Greetings, fellow gear gluttons! Welcome
back to Stomp School. In last month’s column
we discussed matching pedals to the rest of
your rig, and we discovered that the various
components in your setup, such as the type of
pickups and amp you’re using, can influence
how a particular pedal will ultimately sound.
With this better understanding of the way
each individual piece of gear interacts with the
others, let’s next look at some popular ways
to combine them to achieve specific sounds.
Part of our discussion here concerns overdrive
and dirt tones and the interaction between
your pedals and amp. But before we get into
that, I’d like to take another look at using the
controls on your guitar to elicit different tones
from the same pedal.
Germanium Fuzz Face Clean up Trick
This one may already be pretty widely known,
but I still think it’s worth a mention because it
works so amazingly well. I had actually been
playing for quite a while before I discovered
that you can get a surprisingly useful, totally
clean tone from a good germanium Fuzz Face
pedal simply by rolling back the volume on
your guitar. In comparison, most other fuzz
pedals, including a Fuzz Face with higher
gain silicon transistors, won’t quite get totally
clean. Again, this is nothing new, dating all the
way back to early Hendrix, but it’s a good one
to keep in your bag of tricks.
Roll Back Tone on Neck Humbucker with
Fuzz Pedal Trick
Here’s one of my favorite fuzz pedal tricks.
This isn’t really a big secret either, and I’m
always surprised that more players aren’t
aware of it. Ready? Use a pedal with thick,
saturated fuzz tone and play the neck pickup
on your guitar with the tone control rolled all
the way back. This works especially well on
a dual humbucker guitar, such as a Les Paul.
What a great sound! Think early Santana, or
Robert Fripp with King Crimson.
A Big Muff-type fuzz is ideal to use for this
effect, but most any fuzz pedal with enough
gain will work reasonably well. Steve Hackett of
Genesis employed this technique to great effect
using the neck pickup of his Les Paul Custom
through a Colorsound Supa Tone Bender. This
was also the method Eric Clapton used to create his infamous “woman tone” on the Disraeli
Gears album by Cream. Clapton rolled back
the tone on the neck pickup of his psychedelic
Gibson SG. The fuzz of choice this time was a
Tone Bender MKII, which was then run into a
100-watt Marshall. Strange Brew, indeed!
It’s a super-simple trick, and it works like magic
every time. Rolling off all the high frequencies
eliminates any noise and hiss created by the
fuzz, which results in a singing, violin-like tone
with super long sustain. It’s also the best way
to coax a more prominent upper octave out of
an Octavia. And it works just as well on other
octave-fuzz type pedals, such as a Super Fuzz,
a Tone Machine, or an Ampeg Scrambler.
OK, moving along to the other side of the
signal chain, let’s discuss some tried and true
classic pedal and amp combinations.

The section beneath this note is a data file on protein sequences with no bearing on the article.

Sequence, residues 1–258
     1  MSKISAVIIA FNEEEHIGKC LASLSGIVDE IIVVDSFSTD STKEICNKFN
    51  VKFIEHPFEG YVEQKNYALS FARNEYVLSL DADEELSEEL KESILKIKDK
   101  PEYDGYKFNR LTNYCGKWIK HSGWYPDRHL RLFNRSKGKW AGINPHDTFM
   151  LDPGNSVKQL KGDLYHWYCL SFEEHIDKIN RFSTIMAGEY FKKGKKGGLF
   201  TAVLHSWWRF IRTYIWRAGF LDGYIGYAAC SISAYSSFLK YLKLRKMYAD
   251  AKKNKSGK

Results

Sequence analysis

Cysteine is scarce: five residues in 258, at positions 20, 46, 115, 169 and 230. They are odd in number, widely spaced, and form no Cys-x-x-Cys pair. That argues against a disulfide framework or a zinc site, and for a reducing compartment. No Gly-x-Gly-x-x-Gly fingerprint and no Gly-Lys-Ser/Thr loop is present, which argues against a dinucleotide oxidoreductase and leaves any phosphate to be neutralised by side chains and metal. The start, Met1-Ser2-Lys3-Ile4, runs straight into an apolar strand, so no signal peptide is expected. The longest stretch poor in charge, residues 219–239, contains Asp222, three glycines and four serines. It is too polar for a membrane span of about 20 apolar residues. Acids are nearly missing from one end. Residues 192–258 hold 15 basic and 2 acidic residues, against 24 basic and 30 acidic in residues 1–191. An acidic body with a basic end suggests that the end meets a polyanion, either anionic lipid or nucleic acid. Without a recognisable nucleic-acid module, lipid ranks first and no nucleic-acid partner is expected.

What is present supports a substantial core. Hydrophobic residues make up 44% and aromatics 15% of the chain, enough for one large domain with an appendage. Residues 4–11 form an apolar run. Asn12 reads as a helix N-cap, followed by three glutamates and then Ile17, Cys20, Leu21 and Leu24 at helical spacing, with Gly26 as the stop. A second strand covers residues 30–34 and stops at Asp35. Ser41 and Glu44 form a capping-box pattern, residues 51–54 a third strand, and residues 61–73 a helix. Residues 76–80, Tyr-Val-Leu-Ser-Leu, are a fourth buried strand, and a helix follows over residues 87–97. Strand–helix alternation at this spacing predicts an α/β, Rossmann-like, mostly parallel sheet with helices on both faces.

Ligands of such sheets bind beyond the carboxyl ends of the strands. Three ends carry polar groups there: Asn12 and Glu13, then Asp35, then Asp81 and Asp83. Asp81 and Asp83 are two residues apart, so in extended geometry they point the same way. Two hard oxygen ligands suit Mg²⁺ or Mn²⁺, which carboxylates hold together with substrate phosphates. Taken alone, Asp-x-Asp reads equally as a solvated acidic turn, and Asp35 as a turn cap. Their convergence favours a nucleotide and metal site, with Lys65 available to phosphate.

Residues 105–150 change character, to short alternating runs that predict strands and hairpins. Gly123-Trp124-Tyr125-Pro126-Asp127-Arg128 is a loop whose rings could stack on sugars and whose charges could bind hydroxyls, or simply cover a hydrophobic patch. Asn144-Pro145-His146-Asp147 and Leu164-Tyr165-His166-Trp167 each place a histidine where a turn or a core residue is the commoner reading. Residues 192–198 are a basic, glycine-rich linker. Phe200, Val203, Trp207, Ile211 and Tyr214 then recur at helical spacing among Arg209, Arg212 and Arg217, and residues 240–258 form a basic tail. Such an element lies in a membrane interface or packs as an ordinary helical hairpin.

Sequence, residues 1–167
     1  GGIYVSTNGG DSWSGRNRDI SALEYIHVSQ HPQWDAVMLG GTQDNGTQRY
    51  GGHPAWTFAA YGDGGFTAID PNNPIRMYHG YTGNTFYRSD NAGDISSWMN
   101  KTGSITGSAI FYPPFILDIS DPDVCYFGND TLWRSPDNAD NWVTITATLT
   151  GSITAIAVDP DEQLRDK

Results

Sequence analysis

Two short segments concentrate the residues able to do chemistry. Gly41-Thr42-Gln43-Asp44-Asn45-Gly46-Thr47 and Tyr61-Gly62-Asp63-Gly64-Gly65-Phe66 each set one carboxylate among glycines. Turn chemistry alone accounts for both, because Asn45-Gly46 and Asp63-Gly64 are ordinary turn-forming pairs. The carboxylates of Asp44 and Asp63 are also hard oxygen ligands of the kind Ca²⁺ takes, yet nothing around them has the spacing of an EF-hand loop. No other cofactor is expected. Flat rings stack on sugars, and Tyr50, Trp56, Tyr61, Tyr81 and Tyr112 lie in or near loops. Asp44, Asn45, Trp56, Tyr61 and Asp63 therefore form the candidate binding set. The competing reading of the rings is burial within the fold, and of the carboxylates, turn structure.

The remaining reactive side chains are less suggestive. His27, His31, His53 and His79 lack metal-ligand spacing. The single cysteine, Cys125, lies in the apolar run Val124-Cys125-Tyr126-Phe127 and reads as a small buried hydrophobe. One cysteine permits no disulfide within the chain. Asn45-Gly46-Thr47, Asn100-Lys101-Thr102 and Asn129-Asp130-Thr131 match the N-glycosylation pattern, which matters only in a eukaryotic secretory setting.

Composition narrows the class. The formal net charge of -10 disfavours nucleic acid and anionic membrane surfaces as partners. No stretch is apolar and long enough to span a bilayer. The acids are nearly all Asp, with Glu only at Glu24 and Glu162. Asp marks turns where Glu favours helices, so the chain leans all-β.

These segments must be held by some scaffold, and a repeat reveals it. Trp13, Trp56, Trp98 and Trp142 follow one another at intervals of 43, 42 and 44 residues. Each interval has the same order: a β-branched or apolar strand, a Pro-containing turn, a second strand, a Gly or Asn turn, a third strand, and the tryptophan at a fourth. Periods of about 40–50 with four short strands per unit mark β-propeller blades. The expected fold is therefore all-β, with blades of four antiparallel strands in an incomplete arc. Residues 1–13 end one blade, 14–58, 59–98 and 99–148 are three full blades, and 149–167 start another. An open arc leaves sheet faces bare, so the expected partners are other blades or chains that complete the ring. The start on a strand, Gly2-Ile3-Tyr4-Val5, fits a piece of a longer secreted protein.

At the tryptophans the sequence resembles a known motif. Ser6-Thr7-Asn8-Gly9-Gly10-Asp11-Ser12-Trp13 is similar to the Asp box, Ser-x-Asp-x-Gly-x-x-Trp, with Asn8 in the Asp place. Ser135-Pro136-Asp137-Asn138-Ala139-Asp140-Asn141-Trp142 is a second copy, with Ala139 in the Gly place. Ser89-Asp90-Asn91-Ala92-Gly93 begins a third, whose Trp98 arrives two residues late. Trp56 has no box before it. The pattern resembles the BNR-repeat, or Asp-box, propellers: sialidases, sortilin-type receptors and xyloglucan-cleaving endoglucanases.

Tube Screamer with a Blackface Fender Amp
The smooth, medium-gain overdrive sound
of the Tube Screamer (and its variants) is a
well-loved classic. Though it gained its initial
notoriety as the OD of choice for blues legend
Stevie Ray Vaughan, this ubiquitous green
wonder has withstood more stomping than
nearly any other pedal. A Tube Screamer-type
OD can work with just about any amp, but it
has a distinct midrange “hump” that perfectly
compliments the scooped mids of the Fender
Blackface amp. Classic combination!
The Vox AC30, on the other hand, is quite a
bit more mid-heavy. So a Tube Screamer, while
not necessarily a poor choice, might not be
the best fit for that amp. That’s okay, we can
address that with our next classic combination.
Germanium Treble Booster with a British
In the early 1960s, many British made amplifiers, such as the Vox AC30, were considered by
players to be rather dark sounding, especially
compared to the American-made Fender amps,
which were considered more desirable at the
time. Thus is the origin of the treble booster. The
concept was simply that a murky-sounding amp
could be brightened up using a single transistor
“treble boosting” device. The happy, if unintentional, byproduct was the tone that resulted from
pushing the front end of the amp into overdrive.
The Dallas Rangemaster stands as the quintessential example of this type of treble booster,
and is rumored to have been the secret
weapon used by Eric Clapton with a Marshall
JTM45 combo to achieve his legendary
Bluesbreaker tone. A much better documented fact is Brian May’s use of the Rangemaster
and other treble boosters with his Vox AC30.
Irish blues guitarist Rory Gallagher used the
Rangemaster/AC30 combination with a Fender
Stratocaster to create his signature sound, and
many have since discovered the magical tones
of a treble-boosted British combo.
That’s about all we have time for now, so
we’ll see you next time. Until then, keep
(a.k.a. Analog Tom) is the owner and proprietor of For
Musicians Only (formusiciansonly.com
) and author of
Analog Man’s Guide to Vintage Effects. Questions or
comments about this article can be sent to:
) is one of the largest boutique
effects manufacturers and retailers in the business, and
it was established by “Analog” Mike Piera in 1993.
Mike can be reached at AnalogMike@aol.com